Star Trek: Waypoint brings us another issue, and another set of stories looking to bring a smile to your faces. In this issue we’re given two tales both centering around the Original Series (TOS) crew. With the latest television show expected to debut this coming summer, Star Trek: Waypoint #2 is a welcomed way to hold out, as we wait to go where no man has gone before.
The first tale, “The Menace of Mechanitrons” captures the feeling of TOS. Writers Dayton Ward and Kevin Dilmore not only capture the style of dialog that fans of TOS come to expect, but even some of the verbal mannerisms of Captain Kirk; they were spot on. However, while the dialog captures the feeling of TOS some of it can be a little too much and it slows the pacing of the story down quite bit. The story itself feels just like an episode from the series, with all the trimmings you would expect. You get the the Kingons, a planet in danger, and an away mission that ties it all together.
Gordon Purcell brings the story to life with his art that captures the 70s Star Trek Saturday morning cartoon. As you go through each page the artwork pays tribute the that era’s style. With the characters, their movement, and the environment in which they operate. Colorist Jason Lewis uses a straightforward color palette to make the pages pop without overshadowing the story itself; it brings a real richness to the illustration. The combined effort of the art by Gordon Purcell and colors by Jason Lewis give this story the look and feel of something you’d expect to buy if you were living forty years ago in a comic shop. For some it can come off as cheesy, but it brings a level of depth and character as well as nostalgia that captures the essence of Star Trek from TOS.
The second story is interesting to say the least. Unlike in the duo of stories in Star Trek: Waypoint #1 or the first story in Star Trek: Waypoint #2, we aren’t given something that centers around the usual suspects aboard the Enterprise. Writer Sam Maggs opens up a whole new world through the eyes of Engineering Officer Yeoman Leslie Thompson in Legacy the second story of this issue.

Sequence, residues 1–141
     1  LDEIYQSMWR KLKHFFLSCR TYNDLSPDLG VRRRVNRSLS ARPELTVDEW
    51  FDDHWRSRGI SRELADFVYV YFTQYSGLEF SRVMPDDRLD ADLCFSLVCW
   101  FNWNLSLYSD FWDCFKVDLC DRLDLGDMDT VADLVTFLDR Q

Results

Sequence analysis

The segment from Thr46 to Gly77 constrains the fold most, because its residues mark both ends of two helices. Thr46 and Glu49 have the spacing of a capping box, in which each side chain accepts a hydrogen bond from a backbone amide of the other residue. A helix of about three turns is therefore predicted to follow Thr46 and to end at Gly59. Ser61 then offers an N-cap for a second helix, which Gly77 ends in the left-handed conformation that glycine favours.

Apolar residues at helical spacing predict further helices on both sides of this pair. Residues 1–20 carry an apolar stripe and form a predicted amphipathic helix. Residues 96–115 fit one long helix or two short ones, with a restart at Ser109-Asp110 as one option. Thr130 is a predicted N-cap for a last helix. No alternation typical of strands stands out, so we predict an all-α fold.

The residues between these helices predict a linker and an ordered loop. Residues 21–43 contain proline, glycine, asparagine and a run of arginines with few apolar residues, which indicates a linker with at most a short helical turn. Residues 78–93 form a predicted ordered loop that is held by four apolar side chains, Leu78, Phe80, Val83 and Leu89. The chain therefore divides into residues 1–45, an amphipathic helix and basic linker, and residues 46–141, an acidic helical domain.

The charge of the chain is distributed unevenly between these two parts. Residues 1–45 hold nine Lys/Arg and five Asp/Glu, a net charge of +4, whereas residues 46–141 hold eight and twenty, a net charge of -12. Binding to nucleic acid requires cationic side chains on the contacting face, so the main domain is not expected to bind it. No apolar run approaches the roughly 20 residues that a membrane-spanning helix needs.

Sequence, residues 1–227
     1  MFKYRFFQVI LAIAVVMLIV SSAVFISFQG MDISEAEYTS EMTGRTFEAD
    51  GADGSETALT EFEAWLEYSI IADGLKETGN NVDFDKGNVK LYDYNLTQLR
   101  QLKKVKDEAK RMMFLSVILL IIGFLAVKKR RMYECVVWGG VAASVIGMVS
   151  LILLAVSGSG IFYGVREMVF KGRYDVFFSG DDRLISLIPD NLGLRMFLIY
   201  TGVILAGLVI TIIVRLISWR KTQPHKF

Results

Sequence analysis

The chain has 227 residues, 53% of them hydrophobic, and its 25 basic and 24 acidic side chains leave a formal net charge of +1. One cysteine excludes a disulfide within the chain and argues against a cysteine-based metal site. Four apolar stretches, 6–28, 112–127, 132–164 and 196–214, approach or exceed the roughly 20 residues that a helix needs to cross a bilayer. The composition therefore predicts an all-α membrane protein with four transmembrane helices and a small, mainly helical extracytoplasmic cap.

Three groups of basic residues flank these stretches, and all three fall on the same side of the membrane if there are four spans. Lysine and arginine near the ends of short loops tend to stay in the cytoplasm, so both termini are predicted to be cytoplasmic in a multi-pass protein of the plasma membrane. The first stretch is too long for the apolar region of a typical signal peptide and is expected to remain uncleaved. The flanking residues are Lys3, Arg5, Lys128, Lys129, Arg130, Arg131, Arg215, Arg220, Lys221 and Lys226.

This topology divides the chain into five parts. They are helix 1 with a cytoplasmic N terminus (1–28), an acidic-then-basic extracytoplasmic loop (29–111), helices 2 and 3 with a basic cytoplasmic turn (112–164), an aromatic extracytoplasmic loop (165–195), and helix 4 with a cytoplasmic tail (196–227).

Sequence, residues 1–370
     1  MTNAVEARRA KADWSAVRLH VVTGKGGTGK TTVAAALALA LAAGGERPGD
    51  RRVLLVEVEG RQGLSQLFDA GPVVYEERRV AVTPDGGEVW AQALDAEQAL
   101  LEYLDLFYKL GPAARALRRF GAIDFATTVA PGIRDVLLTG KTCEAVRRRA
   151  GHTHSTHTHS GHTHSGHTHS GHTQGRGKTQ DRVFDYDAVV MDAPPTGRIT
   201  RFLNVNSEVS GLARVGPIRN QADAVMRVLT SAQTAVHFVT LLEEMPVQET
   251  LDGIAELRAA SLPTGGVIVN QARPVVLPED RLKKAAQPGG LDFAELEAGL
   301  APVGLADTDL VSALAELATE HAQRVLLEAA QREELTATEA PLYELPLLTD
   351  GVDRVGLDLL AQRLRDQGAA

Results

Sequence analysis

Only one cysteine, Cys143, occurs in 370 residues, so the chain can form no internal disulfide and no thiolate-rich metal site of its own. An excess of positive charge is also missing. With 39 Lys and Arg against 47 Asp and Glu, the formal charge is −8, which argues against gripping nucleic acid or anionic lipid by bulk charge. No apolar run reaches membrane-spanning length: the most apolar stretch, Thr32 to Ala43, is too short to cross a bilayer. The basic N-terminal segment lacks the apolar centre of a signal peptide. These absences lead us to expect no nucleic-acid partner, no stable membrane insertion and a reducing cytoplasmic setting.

The narration and reflective style of the story gives us a rarely seen view of the bridge crew, their exploits, and those who work in the background to make everything possible for the rest of the Star Trek crew. The main theme in the book centers around one of the world’s oldest questions, what will your personal legacy be? Through Engineering Officer Thompson’s eyes eyes you get to witness what it means for her, and how she feels about it in the end. This is a strong story element because at some point in our own lives we will reflect on the years spent, and how they’ve been used. For some it can be quite depressing and others and testament of a lifetime’s worth of work and achievement. This element is so far the most human that has been attempted in the short life of this series.
Artist Rachael Stott does a fantastic job at guiding us through Officer Thompson’s personal exploration to discover her legacy within Starfleet. The way he sets up the panel it’s as if Yeoman is guiding the reader through her own life in the third person. This style compliments story and allows it to flow in a smooth manner. The colors by Mark Roberts are fresh. They don’t pop too much. but didn’t pop too much. It was there, but felt like wasn’t trying to help the story move along. Though the writing and art itself worked hard to capture the eyes, the colors felt like it wasn’t a part of the team as much as it could. It didn’t enhance the story as it could have and with that it felt that some of the key emotions were left dull in their presentation.
Star Trek: Waypoint #2 beams to your hands two tales based off the classic original series. One feels like it belongs as an episode of the series, and the second which brings to life some of the forgotten people in the background of the Enterprise. The art helps to bring the stories to life while the colors do their best to match the genre they are attempting to portray. Some of the dialog in the first story could have used a bit more work, it was still a good, fun read. The color in the second story could have done more to engage the eyes, but overall it did its job.
- Two unique stories with two different styles
- Art in both are well done and entertaining to look at
- Dialog was a bit much in the first story
- Second story colors could have done more work to pop off the page